The reasons that families choose to give birth to their babies at home are wide ranging. For some it’s about avoiding unnecessary intervention or guaranteeing the availability of a birth pool and for others it’s about being in their own environment surrounded by the things and people they love. Having midwives who once at your home are solely focused on you and will not need to care for other women as they would in other settings can be an attractive prospect too. Arguably one of the most important reasons is because home is where the birthing woman believes she will feel safest and most relaxed. When a woman labours in an oxytocin friendly environment, birth is better able to follow its normal physiological path. Research has shown that for the majority of women home birth is as safe as hospital and in some cases safer as it decreases the likelihood of unnecessary interventions. A recent study also showed a reduced risk of postpartum haemorrhage for those planning a home birth.
A large study in 2011 concluded that giving birth in the UK is very safe regardless of where you plan to have your baby. For second and subsequent babies a planned home birth is as safe as birthing in a midwife led unit (also known as a ‘birth centre’) or a consultant led unit in a hospital. For first time mums planning a home birth the risks are slightly increased but still very small – increasing from around 0.5% to just under 1%. Significantly more first time mums will transfer in to hospital from a midwife led unit or home but this will include transferring at maternal request ie for pain relief options not available at home and is not always due to complications. Around 10% of women having a second or subsequent baby will transfer in. Women transferring in to hospital from home are still more likely to achieve a ‘normal birth’ once there.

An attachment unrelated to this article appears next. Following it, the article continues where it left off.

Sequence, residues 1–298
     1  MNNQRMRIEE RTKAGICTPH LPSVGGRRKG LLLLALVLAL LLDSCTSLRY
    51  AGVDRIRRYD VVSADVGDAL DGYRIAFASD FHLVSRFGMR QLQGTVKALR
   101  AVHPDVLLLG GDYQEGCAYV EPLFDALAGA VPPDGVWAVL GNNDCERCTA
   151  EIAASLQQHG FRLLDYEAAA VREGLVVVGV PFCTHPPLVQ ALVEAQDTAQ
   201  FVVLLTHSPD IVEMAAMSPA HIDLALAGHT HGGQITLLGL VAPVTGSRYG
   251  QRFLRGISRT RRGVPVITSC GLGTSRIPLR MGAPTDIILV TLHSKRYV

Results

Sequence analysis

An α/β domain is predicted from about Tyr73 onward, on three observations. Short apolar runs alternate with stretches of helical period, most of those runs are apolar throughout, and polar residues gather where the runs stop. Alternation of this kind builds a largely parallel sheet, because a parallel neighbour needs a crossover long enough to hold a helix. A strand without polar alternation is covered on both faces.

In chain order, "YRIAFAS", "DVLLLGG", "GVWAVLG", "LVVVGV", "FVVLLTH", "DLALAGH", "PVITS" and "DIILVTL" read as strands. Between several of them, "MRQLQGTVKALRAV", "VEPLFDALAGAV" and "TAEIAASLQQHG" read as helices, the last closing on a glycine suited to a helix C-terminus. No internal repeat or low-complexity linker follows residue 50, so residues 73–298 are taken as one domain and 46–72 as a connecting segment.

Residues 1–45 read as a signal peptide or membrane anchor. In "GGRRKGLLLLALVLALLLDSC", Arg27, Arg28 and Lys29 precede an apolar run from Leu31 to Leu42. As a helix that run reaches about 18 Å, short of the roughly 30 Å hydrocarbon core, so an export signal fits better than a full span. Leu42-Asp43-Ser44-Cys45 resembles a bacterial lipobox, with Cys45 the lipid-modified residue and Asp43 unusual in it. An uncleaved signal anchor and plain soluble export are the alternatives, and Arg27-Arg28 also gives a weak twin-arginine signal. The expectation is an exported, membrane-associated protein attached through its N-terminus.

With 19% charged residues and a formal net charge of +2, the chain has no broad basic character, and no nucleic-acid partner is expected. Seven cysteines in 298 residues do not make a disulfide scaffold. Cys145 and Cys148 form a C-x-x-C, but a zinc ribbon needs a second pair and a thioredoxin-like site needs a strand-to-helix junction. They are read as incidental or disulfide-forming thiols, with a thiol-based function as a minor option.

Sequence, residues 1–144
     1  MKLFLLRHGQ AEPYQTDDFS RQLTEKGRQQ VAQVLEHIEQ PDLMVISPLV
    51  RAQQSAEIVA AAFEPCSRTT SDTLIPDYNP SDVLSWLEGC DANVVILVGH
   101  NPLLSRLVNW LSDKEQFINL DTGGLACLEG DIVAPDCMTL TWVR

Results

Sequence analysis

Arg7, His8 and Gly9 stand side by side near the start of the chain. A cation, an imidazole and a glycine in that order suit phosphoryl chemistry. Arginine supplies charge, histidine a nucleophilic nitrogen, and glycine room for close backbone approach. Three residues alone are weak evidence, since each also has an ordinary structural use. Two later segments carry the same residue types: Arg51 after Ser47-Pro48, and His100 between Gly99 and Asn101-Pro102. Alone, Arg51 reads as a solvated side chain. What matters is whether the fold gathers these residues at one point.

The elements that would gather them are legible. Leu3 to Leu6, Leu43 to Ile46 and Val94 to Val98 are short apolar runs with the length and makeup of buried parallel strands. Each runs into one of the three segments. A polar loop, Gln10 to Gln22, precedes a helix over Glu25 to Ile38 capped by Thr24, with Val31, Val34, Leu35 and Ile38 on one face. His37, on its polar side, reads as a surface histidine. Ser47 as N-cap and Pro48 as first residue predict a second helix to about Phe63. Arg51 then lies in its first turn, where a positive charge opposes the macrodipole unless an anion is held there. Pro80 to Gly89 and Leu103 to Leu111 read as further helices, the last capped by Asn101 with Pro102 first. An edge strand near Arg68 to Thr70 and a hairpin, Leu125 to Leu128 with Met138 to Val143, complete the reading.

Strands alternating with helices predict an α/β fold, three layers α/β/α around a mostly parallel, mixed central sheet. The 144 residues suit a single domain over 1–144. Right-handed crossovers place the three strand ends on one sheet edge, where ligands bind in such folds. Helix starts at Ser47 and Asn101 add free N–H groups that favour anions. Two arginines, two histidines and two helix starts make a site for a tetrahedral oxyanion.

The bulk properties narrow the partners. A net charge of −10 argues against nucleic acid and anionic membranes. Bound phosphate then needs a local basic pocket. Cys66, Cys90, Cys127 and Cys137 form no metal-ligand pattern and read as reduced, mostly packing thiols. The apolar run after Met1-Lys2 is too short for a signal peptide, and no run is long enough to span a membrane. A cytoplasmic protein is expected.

When considering where you would like to give birth, you should feel able to trust your care providers and feel confident and comfortable discussing your individual needs with them. There are some genuine reasons for recommending a hospital birth but your choice of a homebirth should not be affected by reluctance on the part of your midwife, doctor or the local maternity services management. GPs may decline but midwives when called, must attend a labouring woman, where ever she decides to give birth, regardless of advice to the contrary.
A recent case brought to the European Court of Human Rights saw a ruling passed down that under ‘the right to private life and the right to non-discrimination’ women have the right to choose the circumstances in which they give birth and under the European Convetion on Human Rights, the state has an obligation to facilitate that choice.
It’s important to remember that what ever your reasons and what ever your particular circumstances, you have the right to make decisions about your body and it is ultimately your decision to make.
Further useful links.
Birthrights.org.uk – advice and support on UK women’s rights in pregnancy and childbirth